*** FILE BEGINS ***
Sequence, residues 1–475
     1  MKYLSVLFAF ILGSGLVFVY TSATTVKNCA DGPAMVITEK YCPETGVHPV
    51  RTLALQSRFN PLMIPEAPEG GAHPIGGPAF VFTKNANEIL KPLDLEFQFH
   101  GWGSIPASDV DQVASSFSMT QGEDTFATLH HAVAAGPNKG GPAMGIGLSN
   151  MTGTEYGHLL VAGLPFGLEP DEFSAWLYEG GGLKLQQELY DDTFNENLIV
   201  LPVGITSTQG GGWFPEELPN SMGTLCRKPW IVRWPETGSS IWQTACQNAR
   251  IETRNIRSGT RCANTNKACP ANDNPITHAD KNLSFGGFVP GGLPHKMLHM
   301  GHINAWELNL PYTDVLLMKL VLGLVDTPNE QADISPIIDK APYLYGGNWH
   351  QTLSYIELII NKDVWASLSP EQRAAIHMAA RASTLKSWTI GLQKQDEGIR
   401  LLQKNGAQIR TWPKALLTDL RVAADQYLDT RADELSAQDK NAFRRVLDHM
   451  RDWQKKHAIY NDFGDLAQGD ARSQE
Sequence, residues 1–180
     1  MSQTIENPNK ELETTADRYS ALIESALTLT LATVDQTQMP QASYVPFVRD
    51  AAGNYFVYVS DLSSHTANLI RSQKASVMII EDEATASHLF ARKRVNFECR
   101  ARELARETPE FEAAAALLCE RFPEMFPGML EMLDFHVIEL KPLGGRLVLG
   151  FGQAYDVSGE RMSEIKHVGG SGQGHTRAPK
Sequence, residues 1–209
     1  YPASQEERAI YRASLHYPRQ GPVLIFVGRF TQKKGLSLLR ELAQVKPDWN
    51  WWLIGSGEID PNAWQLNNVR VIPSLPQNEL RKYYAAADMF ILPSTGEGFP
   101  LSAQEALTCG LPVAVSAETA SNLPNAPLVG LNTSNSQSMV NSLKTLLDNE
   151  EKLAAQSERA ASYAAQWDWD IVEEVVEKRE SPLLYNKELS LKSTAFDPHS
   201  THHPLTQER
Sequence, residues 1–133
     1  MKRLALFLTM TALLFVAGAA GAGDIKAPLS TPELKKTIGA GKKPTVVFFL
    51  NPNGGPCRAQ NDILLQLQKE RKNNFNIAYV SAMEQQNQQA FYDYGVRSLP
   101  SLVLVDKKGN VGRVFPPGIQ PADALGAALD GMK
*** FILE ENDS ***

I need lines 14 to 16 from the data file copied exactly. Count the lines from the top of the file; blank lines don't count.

    51  AAGNYFVYVS DLSSHTANLI RSQKASVMII EDEATASHLF ARKRVNFECR
   101  ARELARETPE FEAAAALLCE RFPEMFPGML EMLDFHVIEL KPLGGRLVLG
   151  FGQAYDVSGE RMSEIKHVGG SGQGHTRAPK